Decision 2016 – (First Day of) Early Voting in Louisiana

In person early voting is now underway for the 2016 Presidential election in Louisiana and will continue until next Tuesday, November 1 (after which, mail in absentee ballots will be accepted for another week). What did yesterday’s early vote tell us ?

Record early voting turnout

Louisianians are slowly but surely getting used to the idea of voting before Election Day: the first Presidential election where early voting was available was in 2008, and at that time, a (then) record of 34,498 early voted on the first day. The record was broken again in the 2012 Presidential election, when first day turnout was 54,989. Yesterday’s turnout statewide was 87,066 (a 58% increase over 2012) – the highest first day early vote EVER.

The top three early voting parishes were Orleans (9,033 early  votes), East Baton Rouge (7,137), and St Tammany (6,499).

Incidentally, despite speculation about whether flooding will affect Presidential voting participation, there is no evidence at this point that the devastating floods back in August will impact turnout. In the three larger parishes in South Louisiana that bore the brunt of the flood’s devastation, early voting turnout was substantially higher (relative to 2012): 134% in Livingston, 64% in East Baton Rouge, and 53% in Ascension.

Who benefits?

61 of 64 parishes showed an increase in their first day early voting relative to 2012. When analyzing the racial and partisan composition of the early vote, there really wasn’t an overwhelming partisan advantage to either the Democrats or Republicans: the racial composition was 70-27% white/black, while the partisan composition was 48-38% Democrat/Republican. These numbers are only a bit more Republican friendly than the first day numbers in 2012 (68-29% white/black and 51-37% Democrat/Republican).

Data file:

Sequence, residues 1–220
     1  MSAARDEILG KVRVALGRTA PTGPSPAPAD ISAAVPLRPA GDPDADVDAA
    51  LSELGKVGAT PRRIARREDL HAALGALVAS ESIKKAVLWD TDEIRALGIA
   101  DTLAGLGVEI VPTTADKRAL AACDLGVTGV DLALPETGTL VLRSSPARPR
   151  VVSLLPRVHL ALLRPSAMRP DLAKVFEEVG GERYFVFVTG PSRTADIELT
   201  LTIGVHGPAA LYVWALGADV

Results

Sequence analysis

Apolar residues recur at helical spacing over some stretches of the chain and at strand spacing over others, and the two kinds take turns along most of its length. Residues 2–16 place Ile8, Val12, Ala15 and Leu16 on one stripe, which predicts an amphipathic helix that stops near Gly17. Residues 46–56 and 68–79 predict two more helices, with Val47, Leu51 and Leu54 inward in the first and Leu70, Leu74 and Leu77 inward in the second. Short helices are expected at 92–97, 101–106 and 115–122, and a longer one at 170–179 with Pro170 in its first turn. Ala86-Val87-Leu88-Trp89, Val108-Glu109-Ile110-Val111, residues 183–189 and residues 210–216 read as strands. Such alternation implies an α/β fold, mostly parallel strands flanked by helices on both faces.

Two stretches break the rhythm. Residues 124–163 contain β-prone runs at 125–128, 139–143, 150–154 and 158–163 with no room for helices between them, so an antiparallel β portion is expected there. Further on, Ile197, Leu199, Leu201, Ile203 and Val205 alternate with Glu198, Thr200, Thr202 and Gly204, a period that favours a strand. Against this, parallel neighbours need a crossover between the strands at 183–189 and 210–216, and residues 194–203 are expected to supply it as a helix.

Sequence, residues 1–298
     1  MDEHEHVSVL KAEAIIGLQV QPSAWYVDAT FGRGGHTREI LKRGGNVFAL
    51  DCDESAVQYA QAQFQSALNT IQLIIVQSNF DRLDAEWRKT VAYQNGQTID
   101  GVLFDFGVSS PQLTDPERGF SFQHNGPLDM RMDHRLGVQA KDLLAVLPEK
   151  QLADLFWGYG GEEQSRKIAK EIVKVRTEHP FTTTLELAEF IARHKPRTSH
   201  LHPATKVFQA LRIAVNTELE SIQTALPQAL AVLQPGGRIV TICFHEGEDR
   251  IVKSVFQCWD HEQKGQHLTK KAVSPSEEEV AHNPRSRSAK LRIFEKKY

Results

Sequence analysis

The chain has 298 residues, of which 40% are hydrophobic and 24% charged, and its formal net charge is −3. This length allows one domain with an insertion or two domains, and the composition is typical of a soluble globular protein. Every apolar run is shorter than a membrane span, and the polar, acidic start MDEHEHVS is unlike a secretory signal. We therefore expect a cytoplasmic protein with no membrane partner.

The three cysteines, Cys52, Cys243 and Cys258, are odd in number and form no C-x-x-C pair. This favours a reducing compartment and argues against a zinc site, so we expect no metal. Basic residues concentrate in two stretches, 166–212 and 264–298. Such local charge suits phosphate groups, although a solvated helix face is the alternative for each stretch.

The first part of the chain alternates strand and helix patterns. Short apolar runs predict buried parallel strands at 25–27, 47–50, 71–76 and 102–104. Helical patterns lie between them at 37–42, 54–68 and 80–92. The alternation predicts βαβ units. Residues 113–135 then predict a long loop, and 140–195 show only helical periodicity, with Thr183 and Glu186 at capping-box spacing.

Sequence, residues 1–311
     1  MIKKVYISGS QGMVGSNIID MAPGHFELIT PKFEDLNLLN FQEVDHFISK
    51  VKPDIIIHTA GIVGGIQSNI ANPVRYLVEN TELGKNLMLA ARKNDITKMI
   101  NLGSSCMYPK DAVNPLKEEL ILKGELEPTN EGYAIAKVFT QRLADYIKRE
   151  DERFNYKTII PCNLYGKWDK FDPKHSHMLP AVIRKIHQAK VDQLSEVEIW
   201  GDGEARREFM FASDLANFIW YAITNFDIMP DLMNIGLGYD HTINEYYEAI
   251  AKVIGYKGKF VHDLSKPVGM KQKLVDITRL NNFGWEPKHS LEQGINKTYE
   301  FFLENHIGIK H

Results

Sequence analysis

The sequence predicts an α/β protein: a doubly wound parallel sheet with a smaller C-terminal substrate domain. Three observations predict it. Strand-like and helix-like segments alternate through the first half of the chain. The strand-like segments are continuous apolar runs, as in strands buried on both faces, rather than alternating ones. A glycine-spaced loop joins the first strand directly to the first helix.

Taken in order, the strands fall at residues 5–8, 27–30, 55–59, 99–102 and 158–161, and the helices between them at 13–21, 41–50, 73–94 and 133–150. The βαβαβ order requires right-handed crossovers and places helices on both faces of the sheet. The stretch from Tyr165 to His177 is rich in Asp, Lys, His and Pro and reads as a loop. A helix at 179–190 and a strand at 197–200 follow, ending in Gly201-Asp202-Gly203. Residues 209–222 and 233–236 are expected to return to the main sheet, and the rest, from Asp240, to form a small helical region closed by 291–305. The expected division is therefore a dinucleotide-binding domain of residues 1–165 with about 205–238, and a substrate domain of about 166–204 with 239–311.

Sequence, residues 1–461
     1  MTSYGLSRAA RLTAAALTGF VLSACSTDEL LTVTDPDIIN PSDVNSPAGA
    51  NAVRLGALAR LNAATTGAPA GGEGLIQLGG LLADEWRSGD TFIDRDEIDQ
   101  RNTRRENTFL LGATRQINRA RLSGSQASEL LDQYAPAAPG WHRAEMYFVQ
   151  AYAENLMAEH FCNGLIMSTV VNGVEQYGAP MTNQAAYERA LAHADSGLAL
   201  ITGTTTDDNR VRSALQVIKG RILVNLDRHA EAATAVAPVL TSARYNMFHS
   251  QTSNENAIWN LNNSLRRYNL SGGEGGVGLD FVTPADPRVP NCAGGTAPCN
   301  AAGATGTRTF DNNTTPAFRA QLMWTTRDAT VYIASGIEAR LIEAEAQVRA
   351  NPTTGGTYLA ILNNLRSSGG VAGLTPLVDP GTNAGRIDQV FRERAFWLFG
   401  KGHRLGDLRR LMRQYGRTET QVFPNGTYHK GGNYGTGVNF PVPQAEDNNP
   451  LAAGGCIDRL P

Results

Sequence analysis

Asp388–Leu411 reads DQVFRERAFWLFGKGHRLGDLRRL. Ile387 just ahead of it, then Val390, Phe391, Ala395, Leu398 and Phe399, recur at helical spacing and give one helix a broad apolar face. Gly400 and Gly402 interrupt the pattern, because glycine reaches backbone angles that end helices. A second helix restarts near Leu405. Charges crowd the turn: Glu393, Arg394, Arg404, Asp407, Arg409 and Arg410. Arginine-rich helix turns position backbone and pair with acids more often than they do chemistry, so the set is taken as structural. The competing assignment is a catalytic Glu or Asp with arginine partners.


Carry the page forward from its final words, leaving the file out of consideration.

Furthermore, in JMC’s experience, the Democratic and/or black composition of early voters tends to rise throughout early voting week (especially as it gets close to the end): in 2012, an initial 68-29% white/black racial composition became 64-33% by the time the last day of early voting came around.

Projected early voting, overall turnout

Projecting turnout is a “moving target”, but now that early voting has been in existence in Louisiana for a decade, JMC has some benchmarks it can use to project early voting and/or final turnout.

  • Early voting projected turnout as of October 26: between 564 and 737K (Was 356K in 2012)
  • Projected turnout: at this point, JMC is reluctant to assume that statewide turnout will exceed the 68% turnout figure from 2012. Therefore, the assumption for now is that the turnout will be more “front loaded”, and using that assumption, projects that between 27 and 36% of the vote will be cast early (early voting represented 18% of the total in 2012).

In Conclusion

Why do we make a big deal about early voting? When the Legislature essentially established “no fault” early voting a decade ago, you now have a noticeable constituency of people who prefer the convenience of early voting, and this constituency has twice (during the 2015 primary and runoff elections) exceeded 20%. A politician would be foolish to ignore this many voters, especially in a closely contested race. Also, too, early voting numbers are the first ones that are typically reported after polls have closed at 8 PM.